Tips to Keep Blood Sugar Under Control at Thanksgiving

Happy Thanksgiving tag with fall side border of pumpkins and leaves on a dark wood background with copy spaceThanksgiving may be a challenge this year. The pandemic has created a unique situation that could prevent you from seeing your loved ones.

Of course, this time of year can also be difficult for people trying to manage high blood sugar or type-2 diabetes. There’s a lot of sweets and carbohydrates flying around this time of year, and avoiding them is not particularly easy.


It might be strange to think, but the pandemic might actually helpful in this regard. You may not have the temptation to bake or worry about your sister bringing over her candied yams.

Of course, you’re likely still itching to do something for Thanksgiving. Turkey lovers, for example, have this date circled on the calendar for months. Here are some tips that can help you enjoy the day by keeping blood sugar under control this Thanksgiving.

1) Start the Day Off Right: Even if it’s just you and your partner settling down for an intimate thanksgiving feast, remember to eat breakfast. Saving your food intake or “banking” calories to eat a big dinner can lead to potentially dangerous blood sugar fluctuations.

2) Rethink Potatoes: Mashed potatoes are a Thanksgiving staple, but they are also super starchy. Of course, they aren’t as bad as cranberry sauce, candied yams, or pumpkin pie, but they do contribute to overall carb intake.

You can lessen these starchy vegetables’ glycemic load by making them with equal parts of potato and cauliflower. You can also keep skins on the potato to add some more fiber and use unsweetened Greek yogurt to stir them up before topping with chives.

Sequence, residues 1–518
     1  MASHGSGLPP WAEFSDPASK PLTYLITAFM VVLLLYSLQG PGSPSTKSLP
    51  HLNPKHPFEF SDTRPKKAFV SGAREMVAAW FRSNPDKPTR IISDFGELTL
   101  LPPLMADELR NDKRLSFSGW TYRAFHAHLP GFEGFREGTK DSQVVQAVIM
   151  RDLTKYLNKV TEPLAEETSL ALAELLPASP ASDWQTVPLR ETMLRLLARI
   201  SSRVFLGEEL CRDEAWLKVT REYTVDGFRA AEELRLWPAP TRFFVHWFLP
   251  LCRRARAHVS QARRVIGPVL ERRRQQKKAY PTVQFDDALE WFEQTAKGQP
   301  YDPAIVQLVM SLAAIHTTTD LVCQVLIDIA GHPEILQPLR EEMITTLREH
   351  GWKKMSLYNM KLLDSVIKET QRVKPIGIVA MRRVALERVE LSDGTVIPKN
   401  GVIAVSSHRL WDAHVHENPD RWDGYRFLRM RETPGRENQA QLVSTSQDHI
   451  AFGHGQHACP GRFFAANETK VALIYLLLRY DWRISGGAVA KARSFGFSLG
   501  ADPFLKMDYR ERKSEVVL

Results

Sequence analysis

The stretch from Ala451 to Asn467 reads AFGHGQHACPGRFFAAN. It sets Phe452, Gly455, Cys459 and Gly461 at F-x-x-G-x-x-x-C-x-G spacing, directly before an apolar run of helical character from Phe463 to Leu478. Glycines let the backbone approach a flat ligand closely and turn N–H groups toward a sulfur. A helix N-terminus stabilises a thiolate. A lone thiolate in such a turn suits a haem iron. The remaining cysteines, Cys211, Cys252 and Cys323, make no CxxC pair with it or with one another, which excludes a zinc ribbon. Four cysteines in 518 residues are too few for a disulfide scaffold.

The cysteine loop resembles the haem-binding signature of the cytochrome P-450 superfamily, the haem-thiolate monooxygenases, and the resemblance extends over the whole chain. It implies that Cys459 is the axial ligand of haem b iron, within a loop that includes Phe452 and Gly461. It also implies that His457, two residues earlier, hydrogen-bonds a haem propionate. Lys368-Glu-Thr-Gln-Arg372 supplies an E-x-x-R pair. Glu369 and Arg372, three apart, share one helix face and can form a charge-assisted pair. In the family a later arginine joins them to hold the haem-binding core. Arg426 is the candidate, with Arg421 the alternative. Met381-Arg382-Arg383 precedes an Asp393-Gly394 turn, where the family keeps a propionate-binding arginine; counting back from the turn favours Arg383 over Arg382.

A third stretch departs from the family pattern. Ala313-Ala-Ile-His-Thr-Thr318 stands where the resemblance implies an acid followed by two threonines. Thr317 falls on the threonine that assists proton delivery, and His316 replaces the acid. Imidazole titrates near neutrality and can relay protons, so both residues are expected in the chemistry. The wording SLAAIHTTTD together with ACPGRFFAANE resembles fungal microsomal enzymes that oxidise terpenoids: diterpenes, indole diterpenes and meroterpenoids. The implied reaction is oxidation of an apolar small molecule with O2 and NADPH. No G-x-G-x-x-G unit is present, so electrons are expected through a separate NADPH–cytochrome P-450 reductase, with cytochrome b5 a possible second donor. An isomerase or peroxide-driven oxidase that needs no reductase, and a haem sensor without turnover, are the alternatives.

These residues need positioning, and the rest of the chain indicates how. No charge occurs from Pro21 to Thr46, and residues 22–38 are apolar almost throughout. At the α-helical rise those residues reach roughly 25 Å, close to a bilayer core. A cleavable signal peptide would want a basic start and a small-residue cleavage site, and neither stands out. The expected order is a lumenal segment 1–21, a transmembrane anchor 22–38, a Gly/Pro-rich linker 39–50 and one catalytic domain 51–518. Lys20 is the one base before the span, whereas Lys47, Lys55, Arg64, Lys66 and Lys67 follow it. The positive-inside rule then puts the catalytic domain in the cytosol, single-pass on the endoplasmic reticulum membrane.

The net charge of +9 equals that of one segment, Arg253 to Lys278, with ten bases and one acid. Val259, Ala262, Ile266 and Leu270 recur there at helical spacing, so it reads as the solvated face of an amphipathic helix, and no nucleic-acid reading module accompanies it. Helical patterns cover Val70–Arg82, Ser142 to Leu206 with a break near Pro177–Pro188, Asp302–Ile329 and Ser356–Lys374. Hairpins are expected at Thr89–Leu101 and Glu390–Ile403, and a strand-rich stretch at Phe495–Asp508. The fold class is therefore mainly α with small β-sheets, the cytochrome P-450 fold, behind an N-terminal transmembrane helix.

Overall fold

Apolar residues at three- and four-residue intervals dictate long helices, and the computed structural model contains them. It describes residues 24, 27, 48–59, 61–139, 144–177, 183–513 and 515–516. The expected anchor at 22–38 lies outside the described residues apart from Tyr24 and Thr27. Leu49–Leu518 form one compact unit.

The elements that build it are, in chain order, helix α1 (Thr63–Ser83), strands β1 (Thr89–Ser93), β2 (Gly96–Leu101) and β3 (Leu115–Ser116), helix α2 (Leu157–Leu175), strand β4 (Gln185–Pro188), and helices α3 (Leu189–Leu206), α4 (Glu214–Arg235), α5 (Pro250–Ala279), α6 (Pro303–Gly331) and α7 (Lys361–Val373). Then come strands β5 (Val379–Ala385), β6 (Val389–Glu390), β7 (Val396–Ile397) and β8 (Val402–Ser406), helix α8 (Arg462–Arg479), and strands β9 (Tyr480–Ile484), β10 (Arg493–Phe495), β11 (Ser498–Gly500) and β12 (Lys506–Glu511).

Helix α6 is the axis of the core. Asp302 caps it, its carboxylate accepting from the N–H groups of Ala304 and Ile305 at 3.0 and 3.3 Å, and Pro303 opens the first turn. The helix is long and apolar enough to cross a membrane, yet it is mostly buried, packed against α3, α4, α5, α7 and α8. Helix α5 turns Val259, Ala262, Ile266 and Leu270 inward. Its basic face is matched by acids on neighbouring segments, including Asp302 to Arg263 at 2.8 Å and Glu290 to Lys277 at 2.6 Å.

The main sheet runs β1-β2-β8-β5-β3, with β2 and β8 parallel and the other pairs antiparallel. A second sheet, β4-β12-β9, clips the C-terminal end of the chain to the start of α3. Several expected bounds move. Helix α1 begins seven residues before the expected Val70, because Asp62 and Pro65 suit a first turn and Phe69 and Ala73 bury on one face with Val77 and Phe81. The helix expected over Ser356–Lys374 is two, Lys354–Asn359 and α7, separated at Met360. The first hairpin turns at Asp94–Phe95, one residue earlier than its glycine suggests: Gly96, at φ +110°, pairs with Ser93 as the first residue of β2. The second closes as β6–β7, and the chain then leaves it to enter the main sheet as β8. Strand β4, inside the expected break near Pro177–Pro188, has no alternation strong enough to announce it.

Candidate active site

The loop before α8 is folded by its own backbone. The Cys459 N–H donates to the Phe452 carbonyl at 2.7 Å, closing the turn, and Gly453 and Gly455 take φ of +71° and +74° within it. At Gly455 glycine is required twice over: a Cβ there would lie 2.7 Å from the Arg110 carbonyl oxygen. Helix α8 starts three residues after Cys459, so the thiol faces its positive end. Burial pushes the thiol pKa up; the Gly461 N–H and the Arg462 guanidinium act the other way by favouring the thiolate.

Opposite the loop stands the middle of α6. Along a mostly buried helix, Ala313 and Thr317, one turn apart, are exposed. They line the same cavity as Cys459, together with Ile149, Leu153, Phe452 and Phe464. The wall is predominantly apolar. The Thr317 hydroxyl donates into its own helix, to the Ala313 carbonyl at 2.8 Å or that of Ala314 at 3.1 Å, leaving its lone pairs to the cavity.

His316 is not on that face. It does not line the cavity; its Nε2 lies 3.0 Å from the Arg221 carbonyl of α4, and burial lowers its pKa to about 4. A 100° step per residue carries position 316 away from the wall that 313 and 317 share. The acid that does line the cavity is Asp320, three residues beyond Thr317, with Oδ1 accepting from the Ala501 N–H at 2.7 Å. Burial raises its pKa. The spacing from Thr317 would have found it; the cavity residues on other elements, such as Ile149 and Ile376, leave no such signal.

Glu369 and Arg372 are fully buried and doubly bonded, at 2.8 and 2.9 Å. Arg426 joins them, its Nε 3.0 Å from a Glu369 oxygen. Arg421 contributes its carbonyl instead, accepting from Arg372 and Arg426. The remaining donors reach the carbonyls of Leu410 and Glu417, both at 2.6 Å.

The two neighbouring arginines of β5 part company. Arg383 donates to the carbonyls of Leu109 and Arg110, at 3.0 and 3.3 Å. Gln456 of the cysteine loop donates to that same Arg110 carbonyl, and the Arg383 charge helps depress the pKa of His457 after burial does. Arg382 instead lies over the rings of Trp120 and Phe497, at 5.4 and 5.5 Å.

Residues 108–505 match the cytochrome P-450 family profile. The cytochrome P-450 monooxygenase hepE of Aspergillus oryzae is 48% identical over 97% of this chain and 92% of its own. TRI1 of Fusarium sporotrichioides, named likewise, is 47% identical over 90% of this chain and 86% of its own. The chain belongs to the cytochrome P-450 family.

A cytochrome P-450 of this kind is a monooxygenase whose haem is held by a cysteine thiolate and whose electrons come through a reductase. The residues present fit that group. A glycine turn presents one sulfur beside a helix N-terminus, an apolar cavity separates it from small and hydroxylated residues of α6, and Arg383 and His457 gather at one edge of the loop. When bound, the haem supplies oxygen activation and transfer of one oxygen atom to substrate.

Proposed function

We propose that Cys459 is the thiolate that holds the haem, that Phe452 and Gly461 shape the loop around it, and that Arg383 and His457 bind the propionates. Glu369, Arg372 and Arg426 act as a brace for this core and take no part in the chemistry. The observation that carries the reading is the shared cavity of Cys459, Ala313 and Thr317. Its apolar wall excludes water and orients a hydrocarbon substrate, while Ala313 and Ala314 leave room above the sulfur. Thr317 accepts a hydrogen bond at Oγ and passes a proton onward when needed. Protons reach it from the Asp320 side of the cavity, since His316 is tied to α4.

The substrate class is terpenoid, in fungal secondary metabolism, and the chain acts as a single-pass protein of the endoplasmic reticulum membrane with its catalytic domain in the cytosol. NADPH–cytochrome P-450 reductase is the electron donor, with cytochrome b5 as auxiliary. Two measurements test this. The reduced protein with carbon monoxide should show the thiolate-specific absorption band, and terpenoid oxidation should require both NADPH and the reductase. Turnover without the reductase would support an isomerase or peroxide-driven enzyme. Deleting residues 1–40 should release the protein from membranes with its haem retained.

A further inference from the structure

If you’ve got sweet potatoes on the table, make sure they are unsweetened. Use savory seasoning with herbs. Also, if possible, choose just one. If you dig into both the white and the yams, make sure they make up about a quarter of your plate combined.

3) Go Heavy on Greens: Fill about half of your plate with green beans, Brussels sprouts, or whatever your go-to Thanksgiving green is.

4) Sugarless Cranberry Sauce: Making your own low-carb cranberry sauce is another way to keep sugar levels in check. You can find a recipe you like online. Even if using a sugar alternative like maple syrup, be sure to stick to small serving sizes.


5) Low-Sugar Desserts: It’s nearly impossible to drop the sugar from dessert altogether, but there are low-carb possibilities for pumpkin pie, cookies, or muffins. Doing a crustless pie can cut total carbs, and plenty of recipes for low-sugar muffins exist.

Just remember to stick to controlled portions, and perhaps even go easy on the potatoes to make a little room for dessert. After all, it is a special occasion.

6) Go for a Walk: Instead of sitting down after eating, get out for a leisurely walk. A 15-minute stroll around the neighborhood after dinner can help regulate blood sugar and boost glucose metabolism.

Author Bio

Mohan Garikiparithi got his degree in medicine from Osmania University (University of Health Sciences). He practiced clinical medicine for over a decade before he shifted his focus to the field of health communications. During his active practice he served as the head of the Dept. of Microbiology in a diagnostic centre in India. On a three-year communications program in Germany, Mohan developed a keen interest in German Medicine (Homoeopathy), and other alternative systems of medicine. He now advocates treating different medical conditions without the use of traditional drugs. An ardent squash player, Mohan believes in the importance of fitness and wellness.


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